Ecumenism was a hope-filled buzzword, certainly old in concept but given a re-birth in the optimistic years following World War II — the war which our fathers fought and came home hoping their sons would not have to fight, only to have those sons and daughters go off to Vietnam, Southwest Asia, and now their grandsons and granddaughters going as well…
But I divert from my true purpose — ecumenism, as you may know, is the level of cooperation between churches of different denominations.
Ideally, it includes diverse religions, but it certainly includes denominational patterns.
This Sunday, in the mainline Protestant world, is world wide communion. On this first Sunday of October, mainline Protestant churches across the globe gather to celebrate the sacrament on a common declaration of faith.
I have to admit, I found this fact a whole lot more impressive before I realized that Episcopalians and Lutherans celebrate communion weekly anyway. Nevertheless …
As I recently told an elder (that means ruling officer, in the Presbyterian language; it has nothing to do with age) there is a reason why we have different types of churches with different worship patterns, musical modes and even size and government forms. We are all just not the same, and what suits the spirituality of one person may not work for another. There is a spiritual home for everyone, and I believe the Creator’s criteria is largely based on sincerity.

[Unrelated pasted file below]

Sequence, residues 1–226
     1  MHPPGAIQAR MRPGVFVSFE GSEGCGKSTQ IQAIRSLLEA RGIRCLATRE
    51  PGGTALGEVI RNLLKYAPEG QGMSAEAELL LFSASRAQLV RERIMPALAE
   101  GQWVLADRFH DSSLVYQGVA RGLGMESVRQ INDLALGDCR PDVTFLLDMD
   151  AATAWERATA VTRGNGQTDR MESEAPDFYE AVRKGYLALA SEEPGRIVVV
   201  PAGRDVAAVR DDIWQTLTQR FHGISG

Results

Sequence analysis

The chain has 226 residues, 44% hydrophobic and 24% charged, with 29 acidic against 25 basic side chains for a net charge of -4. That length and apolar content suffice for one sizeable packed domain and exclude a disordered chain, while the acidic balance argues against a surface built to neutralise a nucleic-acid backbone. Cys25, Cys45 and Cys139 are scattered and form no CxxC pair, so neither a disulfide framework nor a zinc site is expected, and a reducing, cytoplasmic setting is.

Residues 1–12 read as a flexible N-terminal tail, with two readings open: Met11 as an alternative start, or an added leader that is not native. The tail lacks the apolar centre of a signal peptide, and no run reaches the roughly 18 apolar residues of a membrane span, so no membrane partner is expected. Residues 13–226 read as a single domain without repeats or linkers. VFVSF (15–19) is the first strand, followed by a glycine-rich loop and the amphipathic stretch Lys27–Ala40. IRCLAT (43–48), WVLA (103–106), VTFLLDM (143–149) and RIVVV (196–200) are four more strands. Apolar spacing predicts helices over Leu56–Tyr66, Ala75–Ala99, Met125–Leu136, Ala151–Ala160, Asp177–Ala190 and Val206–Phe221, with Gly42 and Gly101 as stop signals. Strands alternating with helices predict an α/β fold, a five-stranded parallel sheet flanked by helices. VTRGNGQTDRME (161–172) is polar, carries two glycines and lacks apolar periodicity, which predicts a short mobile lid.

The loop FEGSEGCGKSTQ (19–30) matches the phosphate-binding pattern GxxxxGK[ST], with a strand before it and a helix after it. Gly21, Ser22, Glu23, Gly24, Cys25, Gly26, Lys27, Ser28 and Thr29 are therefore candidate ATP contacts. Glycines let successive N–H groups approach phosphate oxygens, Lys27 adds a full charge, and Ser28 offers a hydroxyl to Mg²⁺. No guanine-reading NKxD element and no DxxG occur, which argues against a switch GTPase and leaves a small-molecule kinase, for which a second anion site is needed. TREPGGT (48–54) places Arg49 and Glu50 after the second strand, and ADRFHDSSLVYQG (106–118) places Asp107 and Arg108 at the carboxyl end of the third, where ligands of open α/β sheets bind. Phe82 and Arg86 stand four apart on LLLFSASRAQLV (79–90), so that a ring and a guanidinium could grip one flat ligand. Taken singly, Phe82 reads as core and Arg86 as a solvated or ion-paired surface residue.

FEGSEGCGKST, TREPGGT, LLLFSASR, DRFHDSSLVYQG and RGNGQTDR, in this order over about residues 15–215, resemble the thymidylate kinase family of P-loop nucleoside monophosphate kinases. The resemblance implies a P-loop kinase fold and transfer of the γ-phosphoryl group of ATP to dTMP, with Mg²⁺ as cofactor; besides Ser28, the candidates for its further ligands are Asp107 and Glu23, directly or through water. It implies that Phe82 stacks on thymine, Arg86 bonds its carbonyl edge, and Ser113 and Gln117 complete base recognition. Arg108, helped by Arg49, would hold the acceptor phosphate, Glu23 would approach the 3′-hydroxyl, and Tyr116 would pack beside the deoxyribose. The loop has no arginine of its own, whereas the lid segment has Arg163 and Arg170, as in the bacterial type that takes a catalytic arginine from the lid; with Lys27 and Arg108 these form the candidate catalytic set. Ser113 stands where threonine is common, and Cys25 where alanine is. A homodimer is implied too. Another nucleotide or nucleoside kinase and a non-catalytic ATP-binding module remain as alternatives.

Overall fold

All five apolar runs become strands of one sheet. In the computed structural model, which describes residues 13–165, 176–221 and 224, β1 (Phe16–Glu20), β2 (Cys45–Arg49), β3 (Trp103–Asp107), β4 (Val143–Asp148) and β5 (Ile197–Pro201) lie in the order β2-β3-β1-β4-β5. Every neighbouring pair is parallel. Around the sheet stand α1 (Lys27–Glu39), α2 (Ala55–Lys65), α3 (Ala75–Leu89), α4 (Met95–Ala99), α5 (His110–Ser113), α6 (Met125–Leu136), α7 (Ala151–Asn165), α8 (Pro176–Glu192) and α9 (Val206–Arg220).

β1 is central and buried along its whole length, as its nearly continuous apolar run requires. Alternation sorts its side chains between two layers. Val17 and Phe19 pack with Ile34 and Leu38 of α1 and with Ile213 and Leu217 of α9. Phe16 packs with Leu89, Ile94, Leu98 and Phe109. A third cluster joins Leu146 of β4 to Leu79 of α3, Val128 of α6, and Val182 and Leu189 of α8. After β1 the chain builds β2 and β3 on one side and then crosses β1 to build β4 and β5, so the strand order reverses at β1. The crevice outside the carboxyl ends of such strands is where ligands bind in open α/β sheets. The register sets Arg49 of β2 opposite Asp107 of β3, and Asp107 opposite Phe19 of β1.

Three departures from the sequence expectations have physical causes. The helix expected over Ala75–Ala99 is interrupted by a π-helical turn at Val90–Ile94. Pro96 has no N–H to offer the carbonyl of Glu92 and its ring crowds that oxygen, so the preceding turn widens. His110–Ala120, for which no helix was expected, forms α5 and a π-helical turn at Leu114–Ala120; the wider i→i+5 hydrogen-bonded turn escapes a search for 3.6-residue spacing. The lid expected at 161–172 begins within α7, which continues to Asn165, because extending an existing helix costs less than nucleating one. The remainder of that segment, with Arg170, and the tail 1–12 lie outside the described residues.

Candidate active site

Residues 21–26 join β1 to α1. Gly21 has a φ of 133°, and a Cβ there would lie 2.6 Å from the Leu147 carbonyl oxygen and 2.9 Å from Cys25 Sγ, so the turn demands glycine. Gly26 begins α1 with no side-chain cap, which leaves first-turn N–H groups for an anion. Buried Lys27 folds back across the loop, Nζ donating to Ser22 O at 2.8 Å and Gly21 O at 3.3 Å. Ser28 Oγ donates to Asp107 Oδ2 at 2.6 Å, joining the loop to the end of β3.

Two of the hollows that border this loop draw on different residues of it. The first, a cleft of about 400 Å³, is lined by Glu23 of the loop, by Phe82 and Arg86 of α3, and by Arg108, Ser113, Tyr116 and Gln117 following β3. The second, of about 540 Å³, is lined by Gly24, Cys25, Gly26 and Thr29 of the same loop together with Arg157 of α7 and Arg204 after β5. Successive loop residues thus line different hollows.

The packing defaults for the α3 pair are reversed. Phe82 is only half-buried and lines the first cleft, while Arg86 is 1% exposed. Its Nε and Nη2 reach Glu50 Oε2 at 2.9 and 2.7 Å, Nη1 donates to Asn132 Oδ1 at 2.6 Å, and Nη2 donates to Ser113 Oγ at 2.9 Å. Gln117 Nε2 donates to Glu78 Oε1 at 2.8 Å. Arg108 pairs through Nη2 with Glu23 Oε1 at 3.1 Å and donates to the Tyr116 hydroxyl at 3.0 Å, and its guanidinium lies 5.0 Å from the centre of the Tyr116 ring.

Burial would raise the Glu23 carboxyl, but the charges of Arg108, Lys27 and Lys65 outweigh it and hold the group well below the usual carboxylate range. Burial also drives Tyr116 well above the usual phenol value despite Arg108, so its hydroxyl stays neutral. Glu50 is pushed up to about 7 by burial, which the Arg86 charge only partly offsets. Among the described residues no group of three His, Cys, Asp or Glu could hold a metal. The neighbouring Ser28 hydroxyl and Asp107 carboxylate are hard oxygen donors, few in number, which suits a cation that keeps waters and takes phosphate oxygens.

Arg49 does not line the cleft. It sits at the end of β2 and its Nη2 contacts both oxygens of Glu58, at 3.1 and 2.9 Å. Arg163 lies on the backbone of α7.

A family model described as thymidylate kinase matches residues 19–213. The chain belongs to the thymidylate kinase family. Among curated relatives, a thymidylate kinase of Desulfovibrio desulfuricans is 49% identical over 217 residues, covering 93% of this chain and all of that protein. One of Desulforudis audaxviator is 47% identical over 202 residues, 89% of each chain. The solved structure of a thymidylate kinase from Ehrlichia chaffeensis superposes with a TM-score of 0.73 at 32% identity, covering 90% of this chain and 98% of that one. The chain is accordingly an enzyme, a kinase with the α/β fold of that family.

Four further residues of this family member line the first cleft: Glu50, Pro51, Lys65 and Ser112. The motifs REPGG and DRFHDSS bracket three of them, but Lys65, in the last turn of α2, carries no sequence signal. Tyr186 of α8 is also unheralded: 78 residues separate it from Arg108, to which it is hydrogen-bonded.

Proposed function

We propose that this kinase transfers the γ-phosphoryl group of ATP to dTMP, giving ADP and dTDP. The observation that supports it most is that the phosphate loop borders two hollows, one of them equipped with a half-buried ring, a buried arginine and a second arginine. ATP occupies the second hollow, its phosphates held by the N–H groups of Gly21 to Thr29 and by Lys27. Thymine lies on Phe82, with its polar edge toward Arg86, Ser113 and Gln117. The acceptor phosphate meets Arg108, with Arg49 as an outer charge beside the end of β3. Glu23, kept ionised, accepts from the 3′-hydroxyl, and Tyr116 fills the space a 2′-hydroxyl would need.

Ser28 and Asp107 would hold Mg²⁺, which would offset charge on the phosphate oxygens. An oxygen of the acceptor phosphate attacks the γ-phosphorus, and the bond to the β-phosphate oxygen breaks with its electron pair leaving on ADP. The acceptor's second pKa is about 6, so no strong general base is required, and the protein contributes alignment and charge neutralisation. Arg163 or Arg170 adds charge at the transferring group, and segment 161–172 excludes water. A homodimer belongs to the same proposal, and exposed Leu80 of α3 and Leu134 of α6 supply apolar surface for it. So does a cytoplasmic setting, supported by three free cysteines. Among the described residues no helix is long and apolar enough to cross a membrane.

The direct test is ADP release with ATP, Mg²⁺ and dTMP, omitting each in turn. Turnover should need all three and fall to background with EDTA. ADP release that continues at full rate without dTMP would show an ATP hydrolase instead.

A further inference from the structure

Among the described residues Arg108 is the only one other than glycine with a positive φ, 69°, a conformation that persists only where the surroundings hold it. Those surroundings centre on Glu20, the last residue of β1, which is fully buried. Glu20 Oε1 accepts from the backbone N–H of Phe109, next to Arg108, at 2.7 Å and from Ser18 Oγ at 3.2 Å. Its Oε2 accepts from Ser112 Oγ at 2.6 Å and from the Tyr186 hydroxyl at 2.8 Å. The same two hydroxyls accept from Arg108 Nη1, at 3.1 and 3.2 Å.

That being said, it is still of import to remember our common ground, our common faith and our common hope. Ironically, the sacraments of Eucharist and baptism have probably caused more bloody noses among fellow believers than perhaps any other issue. (I mean that literally; there’s a story, true or perhaps not, that Martin Luther once punched a fellow clergy in the nose over the interpretation of Holy Communion.)
As an Army chaplain, I was oath-bound to go to bat for the religious rights of soldiers and, occasionally, those of government civilians who happened to be under my care. This is one of our Constitutional rights, and within the mission of military chaplains is the monitoring and enforcement of it.
This day is of meaning for Christians of all persuasions, as mainline Protestants come together and join, not only with our fellows in that realm, but with our Catholic cousins who, of course, celebrate the Lord’s Supper at every Mass.
Looking back at the hope-filled world that gave birth to Worldwide Communion, perhaps one day its motivating dream of peace will become reality.